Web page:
News Media Coverage of the Iraq War in Basra, Fall 2007: A case study in “spinning” news for the state

Kurt Lancaster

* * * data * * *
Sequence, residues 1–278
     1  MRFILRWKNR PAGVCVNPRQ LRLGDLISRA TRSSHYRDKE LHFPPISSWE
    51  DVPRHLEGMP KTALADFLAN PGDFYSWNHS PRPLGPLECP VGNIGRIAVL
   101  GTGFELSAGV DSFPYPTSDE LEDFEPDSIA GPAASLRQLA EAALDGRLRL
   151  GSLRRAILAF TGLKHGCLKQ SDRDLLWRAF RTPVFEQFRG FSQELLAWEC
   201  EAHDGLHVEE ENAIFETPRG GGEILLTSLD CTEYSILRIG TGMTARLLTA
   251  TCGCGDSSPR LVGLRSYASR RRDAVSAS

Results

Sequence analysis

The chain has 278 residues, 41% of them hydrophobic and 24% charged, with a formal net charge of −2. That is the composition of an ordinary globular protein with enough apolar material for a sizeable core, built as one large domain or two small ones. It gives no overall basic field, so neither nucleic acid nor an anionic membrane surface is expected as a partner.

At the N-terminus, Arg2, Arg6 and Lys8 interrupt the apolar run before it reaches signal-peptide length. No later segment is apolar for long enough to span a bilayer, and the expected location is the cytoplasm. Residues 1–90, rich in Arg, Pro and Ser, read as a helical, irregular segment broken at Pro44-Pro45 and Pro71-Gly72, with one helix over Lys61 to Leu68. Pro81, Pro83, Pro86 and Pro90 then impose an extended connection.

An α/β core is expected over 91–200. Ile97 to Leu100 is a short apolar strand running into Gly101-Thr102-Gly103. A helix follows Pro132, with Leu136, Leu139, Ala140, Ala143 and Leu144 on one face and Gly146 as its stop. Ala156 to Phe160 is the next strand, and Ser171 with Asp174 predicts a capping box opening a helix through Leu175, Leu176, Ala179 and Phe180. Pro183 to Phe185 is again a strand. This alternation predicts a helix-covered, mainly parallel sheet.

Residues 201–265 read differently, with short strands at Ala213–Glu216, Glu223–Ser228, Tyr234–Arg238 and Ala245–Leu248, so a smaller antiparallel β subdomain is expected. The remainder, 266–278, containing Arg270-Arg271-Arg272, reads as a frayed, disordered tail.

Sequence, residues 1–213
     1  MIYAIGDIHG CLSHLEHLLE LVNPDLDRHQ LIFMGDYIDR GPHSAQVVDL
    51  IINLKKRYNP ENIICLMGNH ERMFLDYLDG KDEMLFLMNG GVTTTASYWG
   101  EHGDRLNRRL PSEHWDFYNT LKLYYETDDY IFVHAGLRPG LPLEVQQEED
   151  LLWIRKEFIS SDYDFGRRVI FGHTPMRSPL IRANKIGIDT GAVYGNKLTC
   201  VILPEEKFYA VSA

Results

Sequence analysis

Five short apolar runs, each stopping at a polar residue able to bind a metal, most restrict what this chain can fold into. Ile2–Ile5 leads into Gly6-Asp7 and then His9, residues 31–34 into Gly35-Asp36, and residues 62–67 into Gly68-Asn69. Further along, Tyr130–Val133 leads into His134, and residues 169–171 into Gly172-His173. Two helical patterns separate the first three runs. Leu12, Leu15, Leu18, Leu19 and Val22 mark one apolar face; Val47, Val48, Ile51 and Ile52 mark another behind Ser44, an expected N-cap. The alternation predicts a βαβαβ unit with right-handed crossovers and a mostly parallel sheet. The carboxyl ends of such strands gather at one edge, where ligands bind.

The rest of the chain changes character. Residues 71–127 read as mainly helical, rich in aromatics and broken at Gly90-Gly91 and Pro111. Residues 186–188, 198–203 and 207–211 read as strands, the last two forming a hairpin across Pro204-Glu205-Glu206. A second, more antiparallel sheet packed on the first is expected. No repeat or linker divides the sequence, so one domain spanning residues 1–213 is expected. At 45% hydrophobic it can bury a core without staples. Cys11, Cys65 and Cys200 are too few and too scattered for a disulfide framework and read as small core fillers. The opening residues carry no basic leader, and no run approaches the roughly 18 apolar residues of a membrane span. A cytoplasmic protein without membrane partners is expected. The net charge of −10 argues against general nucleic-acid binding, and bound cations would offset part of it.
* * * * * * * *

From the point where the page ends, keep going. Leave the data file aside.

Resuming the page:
By examining several mainstream press stories from The New York Times, and the Associated Press during the fall of 2007, the author argues how mainstream news media have mostly failed to examine and put into headlines one of the devastating side effects of the occupation of Iraq: armed militias exerting harsh conditions on the citizens of Iraq, especially in the city of Basra, the site of one of the largest untapped oil reserves in the world. This failure stems from the fact that most of the media appear compliant and complicit in adhering to the government’s presentation of conditions in Basra − that it appears to be improving under “regime change.” News sources not beholden to this influence, the alternative news sites of, The Christian Science Monitor, BBC News, and Juan Cole’s Informed Comment blog published stories challenging the views presented by the state, sourcing news outside official government channels. By doing so, readers find that the rise of armed militias in Basra caused corruption in the election process, resulting in a stagnation and decay of Basra’s infrastructure, the loss of jobs, and the rise of Taliban-like religious edicts taking away women’s freedom, as well as music from the public places of the city, which was once considered the Venice of the East.

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